There's a fantastic movie buried somewhere in here, and maybe Cameron Crowe or James L. Brooks could have pulled it out, given the thing a dash of pop poetry, and sent everyone home happy. As it is, In Good Company is pleasant enough company for a couple of hours, but it's difficult not to feel that all the hard work on display here by Quaid, Grace, Johansson, and others is more than a little wasted.

Commentary track and deleted scenes are the highlight of the film's DVD.

I've got good news and bad news...



In Good Company

Facts and Figures

Run time: 109 mins

In Theaters: Friday 14th January 2005

Box Office USA: $45.5M

Distributed by: Universal Pictures

Production compaines: Depth of Field

Reviews

Contactmusic.com: 2.5 / 5

Rotten Tomatoes: 83%
Fresh: 138 Rotten: 29

IMDB: 6.5 / 10

Cast & Crew

Director:

Producer: , , , , Rodney M. Liber

Starring: as Carter Duryea, as Alex Foreman, as Dan Foreman, as Ann Foreman, as Morty, as Mark Steckle, as Eugene Kalb, as Lou, as Kimberly, as Corwin, as Enrique Colon, as Alicia, as Hector

Contactmusic


Links



Advertisement

New Movies

Star Wars: The Last Jedi Movie Review

Star Wars: The Last Jedi Movie Review

After the thunderous reception for J.J. Abrams' Episode VII: The Force Awakens two years ago,...

Daddy's Home 2 Movie Review

Daddy's Home 2 Movie Review

Like the 2015 original, this comedy plays merrily with cliches to tell a silly story...

The Man Who Invented Christmas Movie Review

The Man Who Invented Christmas Movie Review

There's a somewhat contrived jauntiness to this blending of fact and fiction that may leave...

Ferdinand Movie Review

Ferdinand Movie Review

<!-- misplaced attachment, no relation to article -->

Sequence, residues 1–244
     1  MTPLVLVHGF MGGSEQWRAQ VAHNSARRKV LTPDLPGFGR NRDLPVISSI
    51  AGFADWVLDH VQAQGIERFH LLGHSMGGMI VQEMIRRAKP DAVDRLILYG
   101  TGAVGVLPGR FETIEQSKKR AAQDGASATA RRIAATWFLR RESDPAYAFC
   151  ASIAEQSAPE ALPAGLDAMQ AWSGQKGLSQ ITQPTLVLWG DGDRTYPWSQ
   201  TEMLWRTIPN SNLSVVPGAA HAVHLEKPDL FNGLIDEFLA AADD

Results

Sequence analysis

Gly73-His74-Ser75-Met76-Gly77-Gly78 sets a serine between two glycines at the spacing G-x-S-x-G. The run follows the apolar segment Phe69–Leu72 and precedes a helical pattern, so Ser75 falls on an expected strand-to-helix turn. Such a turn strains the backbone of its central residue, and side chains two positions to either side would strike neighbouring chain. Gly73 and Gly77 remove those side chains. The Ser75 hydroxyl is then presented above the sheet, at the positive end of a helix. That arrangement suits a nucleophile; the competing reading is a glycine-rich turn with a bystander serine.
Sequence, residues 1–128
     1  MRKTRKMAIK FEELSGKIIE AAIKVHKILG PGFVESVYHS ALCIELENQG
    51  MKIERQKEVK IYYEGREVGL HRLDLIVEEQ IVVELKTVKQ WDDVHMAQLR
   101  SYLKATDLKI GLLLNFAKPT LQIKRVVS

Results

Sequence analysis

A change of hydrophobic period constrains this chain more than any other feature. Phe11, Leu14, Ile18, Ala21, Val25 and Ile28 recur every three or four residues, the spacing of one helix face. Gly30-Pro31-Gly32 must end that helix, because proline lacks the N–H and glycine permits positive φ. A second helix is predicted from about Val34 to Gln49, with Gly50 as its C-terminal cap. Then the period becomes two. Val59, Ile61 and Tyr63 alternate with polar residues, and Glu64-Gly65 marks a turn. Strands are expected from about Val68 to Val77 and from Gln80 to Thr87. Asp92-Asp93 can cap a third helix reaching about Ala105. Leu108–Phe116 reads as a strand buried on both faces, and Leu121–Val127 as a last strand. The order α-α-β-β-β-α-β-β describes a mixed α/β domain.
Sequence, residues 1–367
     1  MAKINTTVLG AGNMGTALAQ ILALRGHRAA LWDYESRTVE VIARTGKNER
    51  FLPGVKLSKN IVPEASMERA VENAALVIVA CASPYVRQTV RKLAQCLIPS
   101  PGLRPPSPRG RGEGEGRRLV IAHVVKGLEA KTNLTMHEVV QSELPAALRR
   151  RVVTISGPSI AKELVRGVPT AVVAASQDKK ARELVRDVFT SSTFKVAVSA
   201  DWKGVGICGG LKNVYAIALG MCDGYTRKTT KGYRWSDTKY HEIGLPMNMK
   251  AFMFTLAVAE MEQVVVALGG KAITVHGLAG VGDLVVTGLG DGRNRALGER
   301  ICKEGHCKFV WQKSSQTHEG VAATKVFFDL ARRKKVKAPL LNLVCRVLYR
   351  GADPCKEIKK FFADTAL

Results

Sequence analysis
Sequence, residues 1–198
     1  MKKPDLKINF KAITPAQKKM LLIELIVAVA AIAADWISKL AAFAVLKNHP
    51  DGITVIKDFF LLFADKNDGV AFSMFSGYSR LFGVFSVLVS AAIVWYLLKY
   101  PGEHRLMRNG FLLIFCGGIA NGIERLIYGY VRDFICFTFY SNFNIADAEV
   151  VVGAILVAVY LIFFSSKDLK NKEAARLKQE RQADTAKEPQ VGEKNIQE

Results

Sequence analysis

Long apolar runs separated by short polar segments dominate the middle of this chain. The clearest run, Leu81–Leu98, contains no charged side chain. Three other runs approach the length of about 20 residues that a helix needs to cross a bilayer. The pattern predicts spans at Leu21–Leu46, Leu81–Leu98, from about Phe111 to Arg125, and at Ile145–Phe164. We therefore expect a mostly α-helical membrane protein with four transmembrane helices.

This animated comedy adventure is based on the beloved children's book, which was published in...

Brigsby Bear Movie Review

Brigsby Bear Movie Review

Director Dave McCary makes a superb feature debut with this offbeat black comedy, which explores...

Battle of the Sexes Movie Review

Battle of the Sexes Movie Review

A dramatisation of the real-life clash between tennis icons Billie Jean King and Bobby Riggs,...

Shot Caller Movie Review

Shot Caller Movie Review

There isn't much subtlety to this prison thriller, but it's edgy enough to hold the...

Advertisement
The Disaster Artist Movie Review

The Disaster Artist Movie Review

A hilariously outrageous story based on real events, this film recounts the making of the...

Stronger Movie Review

Stronger Movie Review

Based on a true story about the 2013 Boston Marathon bombing, this looks like one...

Only the Brave Movie Review

Only the Brave Movie Review

Based on a genuinely moving true story, this film undercuts the realism by pushing its...

Wonder Movie Review

Wonder Movie Review

This film may be based on RJ Palacio's fictional bestseller, but it approaches its story...

Happy End  Movie Review

Happy End Movie Review

Austrian auteur Michael Haneke isn't known for his light touch, but rather for hard-hitting, award-winning...

Patti Cake$ Movie Review

Patti Cake$ Movie Review

Seemingly from out of nowhere, this film generates perhaps the biggest smile of any movie...

The Limehouse Golem Movie Review

The Limehouse Golem Movie Review

A Victorian thriller with rather heavy echoes of Jack the Ripper, this film struggles to...

Advertisement
Artists
Actors
    Filmmakers
      Artists
      Bands
        Musicians
          Artists
          Celebrities
             
              Artists
              Interviews
                musicians & bands in the news
                  actors & filmmakers in the news
                    celebrities in the news

                      Go Back in Time using our News archive to see what happened on a particular day in the past.